#BeUMC / The People of God: A 4-Week Worship Series
By Derek Weber
What does the LORD require of you but to do justice, and to love kindness, and to walk humbly with your God? - Micah 6:8 NRSV
And are we yet alive,
And see each other's face?
Glory and praise to Jesus give
For His redeeming grace.
“And Are We Yet Alive,” verse 1, (United Methodist Hymnal 553)
Perhaps Charles Wesley’s question is especially appropriate for such a time as this. Often used as a way of gathering for conference—whether annual, jurisdictional, or General—the hymn is designed to be a way of celebrating both the uniting power of Christ and the covenant we share as members of one body, the church we call United Methodist.
What troubles have we seen,
What conflicts have we passed,
Fightings without, and fears within,
Since we assembled last. (verse 3)
It is an honest hymn, a confession that it has been, continues to be, always is a struggle to maintain the unity that Christ calls us to. But here we are. Still the church, still doing ministry, still engaged in the worship of God through Christ, still carrying on the social witness and transforming disciple-making that seeks to resemble the kin-dom that Christ proclaimed.
Let us take up the cross
Till we the crown obtain;
And gladly reckon all things loss,
So we may Jesus gain. (verse 6)
There is a call in this hymn, a reminder that no matter the institutional question that might surround us, there is a higher obedience and a larger proclamation to be made. Even while we sort out our current debates, we can lift our eyes to a wider horizon and continue to be at work in the vineyards of our Lord as we seek to serve, to bring to salvation, and to welcome the outcast, to bind up the broken, and feed the hungry. We are not waiting for decisions to be made before we can be the church. We are the church at work in the world. We can celebrate our heritage, our unique way of working and being a part of the Wesleyan tradition. We can embrace what God has done and is doing through The United Methodist Church even today.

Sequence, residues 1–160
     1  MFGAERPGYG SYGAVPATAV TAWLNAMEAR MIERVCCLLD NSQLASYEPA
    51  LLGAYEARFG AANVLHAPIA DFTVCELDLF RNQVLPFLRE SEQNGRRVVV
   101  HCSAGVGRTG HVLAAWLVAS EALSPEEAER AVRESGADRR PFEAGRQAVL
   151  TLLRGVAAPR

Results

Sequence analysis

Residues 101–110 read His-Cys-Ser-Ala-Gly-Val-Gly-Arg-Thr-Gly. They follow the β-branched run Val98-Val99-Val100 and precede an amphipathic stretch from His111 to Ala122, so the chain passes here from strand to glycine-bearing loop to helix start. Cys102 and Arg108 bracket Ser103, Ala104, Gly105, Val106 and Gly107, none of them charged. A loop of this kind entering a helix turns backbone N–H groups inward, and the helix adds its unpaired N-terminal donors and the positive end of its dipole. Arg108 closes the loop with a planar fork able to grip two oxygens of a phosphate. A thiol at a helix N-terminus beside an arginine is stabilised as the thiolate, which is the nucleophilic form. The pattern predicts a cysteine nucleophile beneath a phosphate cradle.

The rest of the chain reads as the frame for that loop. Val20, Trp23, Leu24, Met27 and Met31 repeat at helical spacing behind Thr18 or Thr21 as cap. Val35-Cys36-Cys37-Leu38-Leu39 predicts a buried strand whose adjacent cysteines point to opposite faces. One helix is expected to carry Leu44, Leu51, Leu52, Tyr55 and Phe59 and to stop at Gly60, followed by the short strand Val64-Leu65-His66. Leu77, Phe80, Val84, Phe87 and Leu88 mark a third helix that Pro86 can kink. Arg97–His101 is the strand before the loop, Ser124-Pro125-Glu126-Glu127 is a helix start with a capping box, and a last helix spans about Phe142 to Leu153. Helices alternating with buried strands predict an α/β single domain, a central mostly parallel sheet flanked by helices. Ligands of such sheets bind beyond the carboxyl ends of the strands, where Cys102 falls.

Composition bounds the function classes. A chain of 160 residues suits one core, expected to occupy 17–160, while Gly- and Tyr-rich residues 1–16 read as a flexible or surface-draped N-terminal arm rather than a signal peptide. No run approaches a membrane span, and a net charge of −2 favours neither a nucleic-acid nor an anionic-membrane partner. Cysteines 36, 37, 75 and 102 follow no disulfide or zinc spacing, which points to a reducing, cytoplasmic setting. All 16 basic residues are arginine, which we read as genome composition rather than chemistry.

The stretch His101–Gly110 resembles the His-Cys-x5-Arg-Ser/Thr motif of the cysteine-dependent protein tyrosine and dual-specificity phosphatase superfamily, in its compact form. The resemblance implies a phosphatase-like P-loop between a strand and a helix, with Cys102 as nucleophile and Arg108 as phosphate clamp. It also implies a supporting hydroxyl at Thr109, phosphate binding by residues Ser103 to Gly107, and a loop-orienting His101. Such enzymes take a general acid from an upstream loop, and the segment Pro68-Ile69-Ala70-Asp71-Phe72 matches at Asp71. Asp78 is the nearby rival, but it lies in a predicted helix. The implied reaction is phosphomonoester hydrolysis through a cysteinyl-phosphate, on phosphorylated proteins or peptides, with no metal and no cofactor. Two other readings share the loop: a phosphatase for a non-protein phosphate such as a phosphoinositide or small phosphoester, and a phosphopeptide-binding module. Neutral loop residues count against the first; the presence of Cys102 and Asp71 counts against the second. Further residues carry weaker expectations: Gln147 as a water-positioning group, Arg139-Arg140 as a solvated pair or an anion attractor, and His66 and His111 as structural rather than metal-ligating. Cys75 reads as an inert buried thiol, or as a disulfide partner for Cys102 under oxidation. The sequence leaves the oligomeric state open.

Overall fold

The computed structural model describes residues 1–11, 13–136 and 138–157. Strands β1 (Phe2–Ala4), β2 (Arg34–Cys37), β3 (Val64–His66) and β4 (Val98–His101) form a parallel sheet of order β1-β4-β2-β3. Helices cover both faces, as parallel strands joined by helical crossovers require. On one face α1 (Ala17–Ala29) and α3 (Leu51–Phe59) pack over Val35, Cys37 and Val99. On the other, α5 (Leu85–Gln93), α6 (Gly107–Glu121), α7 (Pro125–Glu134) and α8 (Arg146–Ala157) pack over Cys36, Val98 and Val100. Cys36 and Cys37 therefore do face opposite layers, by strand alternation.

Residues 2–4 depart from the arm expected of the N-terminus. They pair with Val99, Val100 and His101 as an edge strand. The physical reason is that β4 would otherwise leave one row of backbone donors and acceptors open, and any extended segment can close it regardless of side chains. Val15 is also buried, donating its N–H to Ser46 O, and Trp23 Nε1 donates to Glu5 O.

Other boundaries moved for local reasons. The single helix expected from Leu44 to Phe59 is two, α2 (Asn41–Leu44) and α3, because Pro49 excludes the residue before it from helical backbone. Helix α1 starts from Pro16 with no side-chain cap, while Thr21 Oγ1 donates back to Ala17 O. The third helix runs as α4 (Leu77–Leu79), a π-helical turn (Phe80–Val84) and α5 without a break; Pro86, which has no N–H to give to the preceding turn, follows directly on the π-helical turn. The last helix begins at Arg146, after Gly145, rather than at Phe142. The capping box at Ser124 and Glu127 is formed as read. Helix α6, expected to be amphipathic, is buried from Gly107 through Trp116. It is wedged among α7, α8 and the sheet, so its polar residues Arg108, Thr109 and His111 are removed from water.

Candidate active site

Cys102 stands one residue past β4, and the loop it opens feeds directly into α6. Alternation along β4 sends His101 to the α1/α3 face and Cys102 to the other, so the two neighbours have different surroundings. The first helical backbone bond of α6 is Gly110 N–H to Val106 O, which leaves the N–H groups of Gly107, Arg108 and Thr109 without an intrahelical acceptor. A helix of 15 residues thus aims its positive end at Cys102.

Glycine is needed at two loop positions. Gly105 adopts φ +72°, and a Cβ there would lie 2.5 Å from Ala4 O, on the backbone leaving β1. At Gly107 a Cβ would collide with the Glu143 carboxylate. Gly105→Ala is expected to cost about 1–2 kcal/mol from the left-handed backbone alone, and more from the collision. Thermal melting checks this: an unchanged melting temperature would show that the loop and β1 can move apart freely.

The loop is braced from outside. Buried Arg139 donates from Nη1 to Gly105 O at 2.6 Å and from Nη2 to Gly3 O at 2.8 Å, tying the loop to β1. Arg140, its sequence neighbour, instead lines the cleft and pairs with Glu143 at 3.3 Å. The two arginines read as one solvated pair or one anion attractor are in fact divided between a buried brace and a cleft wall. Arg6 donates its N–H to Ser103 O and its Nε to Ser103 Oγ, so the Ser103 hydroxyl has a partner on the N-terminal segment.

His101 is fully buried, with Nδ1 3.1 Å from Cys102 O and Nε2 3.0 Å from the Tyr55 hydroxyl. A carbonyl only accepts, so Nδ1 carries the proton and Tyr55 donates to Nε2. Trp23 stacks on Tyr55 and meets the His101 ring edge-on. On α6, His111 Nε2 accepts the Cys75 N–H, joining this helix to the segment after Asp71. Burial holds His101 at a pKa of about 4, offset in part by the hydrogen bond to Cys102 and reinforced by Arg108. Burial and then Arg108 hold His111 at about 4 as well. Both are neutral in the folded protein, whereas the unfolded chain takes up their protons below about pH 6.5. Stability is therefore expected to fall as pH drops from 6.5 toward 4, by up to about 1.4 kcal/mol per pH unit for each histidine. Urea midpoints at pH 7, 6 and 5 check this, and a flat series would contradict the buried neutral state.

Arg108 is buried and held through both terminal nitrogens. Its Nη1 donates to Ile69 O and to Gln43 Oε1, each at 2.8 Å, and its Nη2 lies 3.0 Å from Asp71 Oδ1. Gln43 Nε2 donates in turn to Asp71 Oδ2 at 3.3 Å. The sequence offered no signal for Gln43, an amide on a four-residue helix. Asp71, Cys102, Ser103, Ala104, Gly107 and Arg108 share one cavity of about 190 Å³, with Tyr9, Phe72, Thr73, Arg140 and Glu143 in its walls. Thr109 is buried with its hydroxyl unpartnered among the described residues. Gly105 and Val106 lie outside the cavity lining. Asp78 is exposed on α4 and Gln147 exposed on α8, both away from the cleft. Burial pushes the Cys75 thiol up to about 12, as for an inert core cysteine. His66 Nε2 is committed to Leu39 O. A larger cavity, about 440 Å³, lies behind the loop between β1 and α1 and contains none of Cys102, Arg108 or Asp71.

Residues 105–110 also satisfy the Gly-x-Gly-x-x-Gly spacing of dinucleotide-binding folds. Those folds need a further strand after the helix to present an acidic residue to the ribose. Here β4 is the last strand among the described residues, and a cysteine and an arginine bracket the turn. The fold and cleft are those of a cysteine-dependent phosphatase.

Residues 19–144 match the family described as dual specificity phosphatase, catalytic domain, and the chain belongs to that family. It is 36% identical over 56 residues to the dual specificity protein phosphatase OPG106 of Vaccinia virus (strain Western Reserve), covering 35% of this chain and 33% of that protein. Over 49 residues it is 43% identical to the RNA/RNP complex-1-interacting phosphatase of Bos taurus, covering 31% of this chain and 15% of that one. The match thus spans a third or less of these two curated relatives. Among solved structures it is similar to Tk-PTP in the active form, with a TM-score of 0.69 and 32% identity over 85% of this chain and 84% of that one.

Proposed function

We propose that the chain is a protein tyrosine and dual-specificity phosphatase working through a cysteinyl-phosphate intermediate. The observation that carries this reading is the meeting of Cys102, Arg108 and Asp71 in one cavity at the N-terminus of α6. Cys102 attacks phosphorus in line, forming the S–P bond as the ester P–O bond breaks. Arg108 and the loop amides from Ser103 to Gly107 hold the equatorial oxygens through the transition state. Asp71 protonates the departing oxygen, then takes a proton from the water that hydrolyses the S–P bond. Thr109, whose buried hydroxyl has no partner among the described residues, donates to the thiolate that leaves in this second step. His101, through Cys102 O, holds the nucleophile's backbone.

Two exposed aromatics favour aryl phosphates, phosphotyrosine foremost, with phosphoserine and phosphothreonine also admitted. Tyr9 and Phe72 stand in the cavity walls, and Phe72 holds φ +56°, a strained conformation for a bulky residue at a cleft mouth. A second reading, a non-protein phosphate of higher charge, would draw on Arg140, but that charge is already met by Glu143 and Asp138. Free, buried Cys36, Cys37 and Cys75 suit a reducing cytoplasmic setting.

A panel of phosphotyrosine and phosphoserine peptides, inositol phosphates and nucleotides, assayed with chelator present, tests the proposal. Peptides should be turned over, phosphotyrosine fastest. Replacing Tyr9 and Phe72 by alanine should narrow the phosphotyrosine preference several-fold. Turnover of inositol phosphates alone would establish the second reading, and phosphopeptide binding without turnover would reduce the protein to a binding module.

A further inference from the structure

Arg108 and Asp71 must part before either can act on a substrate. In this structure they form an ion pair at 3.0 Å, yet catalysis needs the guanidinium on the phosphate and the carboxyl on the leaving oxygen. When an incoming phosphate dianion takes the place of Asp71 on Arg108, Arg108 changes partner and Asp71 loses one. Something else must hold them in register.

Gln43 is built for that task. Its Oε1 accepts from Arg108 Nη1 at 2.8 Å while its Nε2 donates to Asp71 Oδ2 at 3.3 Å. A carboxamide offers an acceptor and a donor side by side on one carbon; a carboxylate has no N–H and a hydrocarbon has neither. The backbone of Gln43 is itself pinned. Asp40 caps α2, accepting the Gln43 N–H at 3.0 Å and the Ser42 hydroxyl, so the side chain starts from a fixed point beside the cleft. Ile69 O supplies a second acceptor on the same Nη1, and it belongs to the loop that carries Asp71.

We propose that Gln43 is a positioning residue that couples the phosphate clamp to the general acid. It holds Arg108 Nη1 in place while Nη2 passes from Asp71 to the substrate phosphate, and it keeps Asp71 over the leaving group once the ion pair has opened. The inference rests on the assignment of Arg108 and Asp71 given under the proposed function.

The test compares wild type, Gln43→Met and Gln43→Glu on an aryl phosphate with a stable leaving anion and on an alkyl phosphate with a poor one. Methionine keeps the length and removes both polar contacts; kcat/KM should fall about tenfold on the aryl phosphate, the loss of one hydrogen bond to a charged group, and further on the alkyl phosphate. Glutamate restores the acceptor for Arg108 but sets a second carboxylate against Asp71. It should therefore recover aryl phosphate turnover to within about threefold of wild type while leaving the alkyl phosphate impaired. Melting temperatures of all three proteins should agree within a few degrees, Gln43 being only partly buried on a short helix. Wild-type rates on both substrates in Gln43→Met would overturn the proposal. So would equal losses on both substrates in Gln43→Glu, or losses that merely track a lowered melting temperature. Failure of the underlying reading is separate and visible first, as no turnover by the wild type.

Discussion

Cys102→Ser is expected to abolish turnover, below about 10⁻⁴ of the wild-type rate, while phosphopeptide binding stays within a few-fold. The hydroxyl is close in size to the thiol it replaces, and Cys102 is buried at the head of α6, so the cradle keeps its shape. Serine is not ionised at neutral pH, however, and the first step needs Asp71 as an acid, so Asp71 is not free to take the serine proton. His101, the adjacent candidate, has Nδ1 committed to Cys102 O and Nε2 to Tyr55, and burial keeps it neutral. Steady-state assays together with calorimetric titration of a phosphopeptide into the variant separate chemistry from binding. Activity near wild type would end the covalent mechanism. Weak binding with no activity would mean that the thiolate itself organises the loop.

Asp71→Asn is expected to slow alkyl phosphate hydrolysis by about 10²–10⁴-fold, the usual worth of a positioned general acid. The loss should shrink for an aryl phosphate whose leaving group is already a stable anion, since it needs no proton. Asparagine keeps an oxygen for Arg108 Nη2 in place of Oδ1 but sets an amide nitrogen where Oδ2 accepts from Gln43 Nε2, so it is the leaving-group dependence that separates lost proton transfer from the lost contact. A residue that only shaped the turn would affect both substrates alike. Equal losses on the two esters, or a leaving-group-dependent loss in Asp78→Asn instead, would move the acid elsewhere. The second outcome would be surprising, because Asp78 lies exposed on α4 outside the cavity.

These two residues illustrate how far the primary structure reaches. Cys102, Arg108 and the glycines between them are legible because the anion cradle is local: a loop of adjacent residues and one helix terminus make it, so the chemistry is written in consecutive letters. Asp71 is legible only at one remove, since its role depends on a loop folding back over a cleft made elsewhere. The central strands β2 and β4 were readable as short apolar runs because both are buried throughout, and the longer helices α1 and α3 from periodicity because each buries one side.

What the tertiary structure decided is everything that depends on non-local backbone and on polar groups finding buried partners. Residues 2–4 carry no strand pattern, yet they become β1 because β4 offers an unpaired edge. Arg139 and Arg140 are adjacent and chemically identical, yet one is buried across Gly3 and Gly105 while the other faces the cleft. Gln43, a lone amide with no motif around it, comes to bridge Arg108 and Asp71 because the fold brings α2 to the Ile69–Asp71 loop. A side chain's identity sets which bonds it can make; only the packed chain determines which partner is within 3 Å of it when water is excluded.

That is what is behind the People of God / #BeUMC campaign coordinated by United Methodist Communications. (Click here to read more.) Discipleship Ministries has chosen to contribute to the campaign by providing this four-week worship series. As with our Lectionary Worship Series, this series is designed to be a seed planting for you to shape to fit your setting. We begin with planning notes to help you think about the worship service as a whole with suggestions for the setting and the mood, visuals, and other worship elements. Then there are preaching notes to give the preacher a head start on putting the themes and chosen texts into sermon order. We also include music notes to help with congregational or choir and ensemble singing, liturgical resources, and even suggestions for children and worship and small-group tie-ins to the main theme.